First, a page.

This Is a Real News Story:
There is a picture, so I don’t fault you for thinking the worst. But honestly, I read the article. And I must admit that I’m a little torn.
The story is about a group called Femen, led by a Ukrainian feminist, Inna Shevchenko. She told The Guardian, “We are taking off our clothes so people can see that we have no weapons except our bodies. It’s a powerful way to fight in a man’s world. We live with men’s domination and this is the only way to provoke them, the only way to get attention.”
On the one hand, naked Ukrainian women teaching French women how to be self-declared “topless warriors” doesn’t sound like such a bad idea. But on the other hand, what does it say about society that an increasing number of women believe they can only get our attention on issues like female exploitation, the perils of Sharia law, dictatorship and over-reaching religion by getting naked?
The question asked in the Guardian article is whether anyone even cares about naked breasts anymore. Across the pond there in London, there’s a certain British newspaper with its “Page 3 girls.” And the People Magazine-like glossies in Europe are chock full of carefree topless women.
But in this YouTube-saturated, social media-dominant time, it seems that only the most outrageous acts are pulling people out of their stupor.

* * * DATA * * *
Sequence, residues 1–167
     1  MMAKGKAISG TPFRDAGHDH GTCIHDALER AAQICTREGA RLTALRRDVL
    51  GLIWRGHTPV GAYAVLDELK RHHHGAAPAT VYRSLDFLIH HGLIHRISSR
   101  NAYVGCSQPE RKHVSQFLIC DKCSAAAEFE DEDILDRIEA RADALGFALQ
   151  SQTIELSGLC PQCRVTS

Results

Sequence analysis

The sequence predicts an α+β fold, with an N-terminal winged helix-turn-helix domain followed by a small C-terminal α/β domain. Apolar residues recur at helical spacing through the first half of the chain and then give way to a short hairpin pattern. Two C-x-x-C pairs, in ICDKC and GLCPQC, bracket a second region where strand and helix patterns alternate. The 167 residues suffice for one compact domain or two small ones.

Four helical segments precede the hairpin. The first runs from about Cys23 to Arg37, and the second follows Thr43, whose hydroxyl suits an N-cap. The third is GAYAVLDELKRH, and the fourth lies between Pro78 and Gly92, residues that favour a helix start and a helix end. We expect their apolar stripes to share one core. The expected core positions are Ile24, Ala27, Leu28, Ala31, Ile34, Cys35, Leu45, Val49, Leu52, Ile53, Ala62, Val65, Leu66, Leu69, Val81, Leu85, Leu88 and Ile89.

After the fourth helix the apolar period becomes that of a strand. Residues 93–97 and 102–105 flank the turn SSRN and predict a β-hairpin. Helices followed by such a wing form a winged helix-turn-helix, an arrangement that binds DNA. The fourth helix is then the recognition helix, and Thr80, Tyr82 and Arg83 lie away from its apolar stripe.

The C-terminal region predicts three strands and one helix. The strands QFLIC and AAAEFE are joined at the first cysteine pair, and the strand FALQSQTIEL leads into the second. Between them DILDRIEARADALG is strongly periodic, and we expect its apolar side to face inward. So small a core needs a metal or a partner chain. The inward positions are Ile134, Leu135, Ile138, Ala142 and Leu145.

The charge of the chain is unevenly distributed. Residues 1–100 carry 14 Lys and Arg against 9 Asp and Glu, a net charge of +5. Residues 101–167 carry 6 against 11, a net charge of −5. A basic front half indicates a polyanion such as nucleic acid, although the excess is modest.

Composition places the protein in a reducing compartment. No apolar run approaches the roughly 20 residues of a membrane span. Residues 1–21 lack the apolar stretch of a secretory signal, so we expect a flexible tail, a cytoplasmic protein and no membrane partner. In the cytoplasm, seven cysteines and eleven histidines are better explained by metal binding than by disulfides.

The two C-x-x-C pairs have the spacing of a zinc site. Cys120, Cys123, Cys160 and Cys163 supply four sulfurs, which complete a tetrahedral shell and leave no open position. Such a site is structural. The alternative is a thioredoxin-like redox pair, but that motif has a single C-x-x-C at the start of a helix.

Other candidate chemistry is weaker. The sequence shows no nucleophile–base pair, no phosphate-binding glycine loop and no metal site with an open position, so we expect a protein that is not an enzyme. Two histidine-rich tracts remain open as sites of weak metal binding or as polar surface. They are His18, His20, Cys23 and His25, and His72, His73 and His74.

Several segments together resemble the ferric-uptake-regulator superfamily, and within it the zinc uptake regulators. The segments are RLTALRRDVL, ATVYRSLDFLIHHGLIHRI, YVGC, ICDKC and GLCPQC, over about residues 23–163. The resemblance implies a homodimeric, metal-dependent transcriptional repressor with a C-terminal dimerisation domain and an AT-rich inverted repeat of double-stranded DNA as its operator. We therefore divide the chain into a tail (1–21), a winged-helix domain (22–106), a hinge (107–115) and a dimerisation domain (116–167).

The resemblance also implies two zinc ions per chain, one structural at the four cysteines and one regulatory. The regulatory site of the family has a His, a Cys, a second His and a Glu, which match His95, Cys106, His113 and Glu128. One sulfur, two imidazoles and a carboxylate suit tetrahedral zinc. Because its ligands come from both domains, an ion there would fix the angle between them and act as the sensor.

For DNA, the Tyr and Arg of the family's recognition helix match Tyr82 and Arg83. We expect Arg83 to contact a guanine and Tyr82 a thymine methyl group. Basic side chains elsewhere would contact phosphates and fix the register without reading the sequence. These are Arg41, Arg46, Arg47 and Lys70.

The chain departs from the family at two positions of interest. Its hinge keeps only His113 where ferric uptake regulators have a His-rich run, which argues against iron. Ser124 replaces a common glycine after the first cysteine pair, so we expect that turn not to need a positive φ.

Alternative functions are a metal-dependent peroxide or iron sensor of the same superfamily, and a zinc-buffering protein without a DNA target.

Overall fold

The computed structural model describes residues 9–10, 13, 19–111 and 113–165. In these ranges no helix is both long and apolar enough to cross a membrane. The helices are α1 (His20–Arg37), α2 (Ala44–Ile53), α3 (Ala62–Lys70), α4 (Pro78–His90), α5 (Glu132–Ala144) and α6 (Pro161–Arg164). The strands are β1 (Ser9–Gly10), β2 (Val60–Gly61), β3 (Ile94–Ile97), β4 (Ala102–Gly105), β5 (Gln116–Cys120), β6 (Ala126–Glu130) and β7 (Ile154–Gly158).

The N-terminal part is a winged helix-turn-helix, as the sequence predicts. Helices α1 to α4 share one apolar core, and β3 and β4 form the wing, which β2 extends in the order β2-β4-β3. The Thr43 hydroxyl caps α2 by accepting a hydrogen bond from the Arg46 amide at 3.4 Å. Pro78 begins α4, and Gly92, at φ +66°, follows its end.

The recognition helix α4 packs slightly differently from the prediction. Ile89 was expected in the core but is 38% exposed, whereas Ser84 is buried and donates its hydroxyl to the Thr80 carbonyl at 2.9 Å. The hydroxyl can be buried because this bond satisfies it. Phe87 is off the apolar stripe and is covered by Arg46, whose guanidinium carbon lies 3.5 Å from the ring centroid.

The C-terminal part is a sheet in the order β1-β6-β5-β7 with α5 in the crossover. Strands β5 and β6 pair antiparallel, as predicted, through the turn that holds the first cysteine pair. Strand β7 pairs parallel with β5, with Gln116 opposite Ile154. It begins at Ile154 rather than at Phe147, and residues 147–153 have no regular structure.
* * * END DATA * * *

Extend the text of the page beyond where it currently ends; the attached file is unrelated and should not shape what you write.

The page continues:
Consider the case of the Russian female punk collective Pussy Riot. While there have been tens of thousands taking to the streets in Russia against what they see as an increasingly authoritarian Vladimir Putin, it wasn’t until the case of “the girls” that many began paying attention.
The women were sentenced to two years in jail for their “punk prayer” in a revered Moscow cathedral. Offensive, perhaps, but there are real questions about whether the punishment fits the crime of “hooliganism motivated by religious hatred.”
Nadya: We knew we were in a kind of risk zone. But we deliberately did things that were peaceful and nonviolent and didn’t even damage other people’s property. We specifically made sure not to break any laws. When people asked us if we were afraid, we’d say, “We’re not doing anything illegal—and if someone decides to put us in jail, they’ll do it anyway.”
As the saying goes, “Well-Behaved Women Seldom Make History.”